copy by tim wege on 500px.com

Lesson #2: We Need Male Caregiving Role Models

In all subcultures, females were the primary caregivers.  In Asian American and Hispanic American communities, this was in large part due to the prescription that caregiving was a female job; however, even in African American and European American culture, females traditionally hold this role.  We could take this to mean that caregiving is a more feminine act, better suited to females (likely following the biological role of caregiving of children), but this ignores the power of our environment and the possibility of change.  If we want males to be more involved in caregiving, we need to make sure they have male role models who are modeling this behaviour.  This means it’s up to each family to ensure that both sexes carry their weight when it comes to caregiving and children are exposed to the strengths that each member of a family can offer when it comes to caregiving.  

funny family portraits by Cristian Negroni on 500px.com

Lesson #3: Without Family Ties, We Need the Golden Rule

Why do people care for elders?  Goodness knows it’s not always a pleasant job and often can take a huge mental and emotional toll on those who are in charge of care.  However, people still do it.  In collectivist cultures – e.g., Asian or Hispanic cultures – there is no real “choice” in caregiving.  To refuse this role would be to cause such family strife that abandonment is rarely considered.  But what of the rest of us who can’t rely upon that?  How do we get our children to view caregiving as being worthwhile?  It seems one of the main ways is a belief in the Golden Rule – do unto others as you would have them do unto you.  The Golden Rule not only activates our perspective-taking and empathic abilities, but also allows us to attach greater meaning to roles that have often been undervalued in our society.  (Like caregiving.)  Thus, the more we instill this rule in our children, the better the chance they will consider our well-being when it’s time.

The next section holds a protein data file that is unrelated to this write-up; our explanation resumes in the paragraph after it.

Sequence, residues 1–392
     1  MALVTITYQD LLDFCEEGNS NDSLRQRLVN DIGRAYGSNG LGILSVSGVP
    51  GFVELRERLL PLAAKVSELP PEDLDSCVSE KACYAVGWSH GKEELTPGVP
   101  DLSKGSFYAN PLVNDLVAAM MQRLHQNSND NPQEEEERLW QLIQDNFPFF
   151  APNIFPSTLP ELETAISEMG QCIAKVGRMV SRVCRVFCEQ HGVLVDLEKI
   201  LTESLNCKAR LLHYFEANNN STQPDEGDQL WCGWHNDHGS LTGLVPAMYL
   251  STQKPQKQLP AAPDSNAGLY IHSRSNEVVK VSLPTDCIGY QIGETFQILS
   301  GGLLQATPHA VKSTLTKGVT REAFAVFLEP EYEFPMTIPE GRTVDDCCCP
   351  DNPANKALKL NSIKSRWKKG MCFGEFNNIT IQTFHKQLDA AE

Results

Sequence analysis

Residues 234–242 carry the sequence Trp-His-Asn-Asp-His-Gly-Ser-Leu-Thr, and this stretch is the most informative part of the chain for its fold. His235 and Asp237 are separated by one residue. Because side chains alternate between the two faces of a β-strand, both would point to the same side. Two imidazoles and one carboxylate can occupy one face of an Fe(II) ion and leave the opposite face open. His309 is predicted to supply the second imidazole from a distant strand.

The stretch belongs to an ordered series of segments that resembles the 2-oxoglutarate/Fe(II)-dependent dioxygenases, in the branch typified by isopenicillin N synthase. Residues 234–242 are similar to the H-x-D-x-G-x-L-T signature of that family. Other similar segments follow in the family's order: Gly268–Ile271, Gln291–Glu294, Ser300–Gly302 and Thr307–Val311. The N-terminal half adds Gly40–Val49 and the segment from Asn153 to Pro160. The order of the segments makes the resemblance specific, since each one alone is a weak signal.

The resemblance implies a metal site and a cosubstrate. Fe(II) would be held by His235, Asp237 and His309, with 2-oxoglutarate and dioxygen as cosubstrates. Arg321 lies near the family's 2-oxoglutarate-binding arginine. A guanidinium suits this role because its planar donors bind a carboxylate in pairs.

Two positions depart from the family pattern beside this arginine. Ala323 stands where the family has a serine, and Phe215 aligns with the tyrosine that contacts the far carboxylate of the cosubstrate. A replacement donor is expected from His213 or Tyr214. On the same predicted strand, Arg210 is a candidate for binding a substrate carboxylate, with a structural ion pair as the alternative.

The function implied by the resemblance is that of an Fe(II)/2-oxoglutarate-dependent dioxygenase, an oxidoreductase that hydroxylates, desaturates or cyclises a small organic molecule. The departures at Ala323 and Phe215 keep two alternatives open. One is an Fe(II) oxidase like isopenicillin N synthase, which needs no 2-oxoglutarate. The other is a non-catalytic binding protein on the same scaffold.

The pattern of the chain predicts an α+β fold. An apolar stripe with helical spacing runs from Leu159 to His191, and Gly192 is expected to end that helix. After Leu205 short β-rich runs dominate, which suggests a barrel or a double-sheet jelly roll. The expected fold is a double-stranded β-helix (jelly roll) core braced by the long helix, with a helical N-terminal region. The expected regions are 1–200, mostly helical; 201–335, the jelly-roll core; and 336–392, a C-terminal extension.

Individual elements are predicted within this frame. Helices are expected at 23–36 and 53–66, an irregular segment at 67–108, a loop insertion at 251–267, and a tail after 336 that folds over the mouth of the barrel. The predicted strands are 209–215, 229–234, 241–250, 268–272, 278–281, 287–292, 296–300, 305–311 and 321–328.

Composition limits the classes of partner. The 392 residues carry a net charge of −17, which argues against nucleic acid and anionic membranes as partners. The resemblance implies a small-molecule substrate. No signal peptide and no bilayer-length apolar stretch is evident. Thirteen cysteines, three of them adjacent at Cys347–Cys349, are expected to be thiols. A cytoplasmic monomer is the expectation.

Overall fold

African American woman hugging father outdoors by Gable Denims on 500px.com

Let’s face it:

Our culture is not very supportive of caregiving, especially when done by family members (with or without help).  Looking at other cultures provides us with insights into how to change this.  We don’t need to prescribe caregiving, but we can and should change the way we think about it and model it for our children if we ever hope to have a society that values caregiving and the people who do it.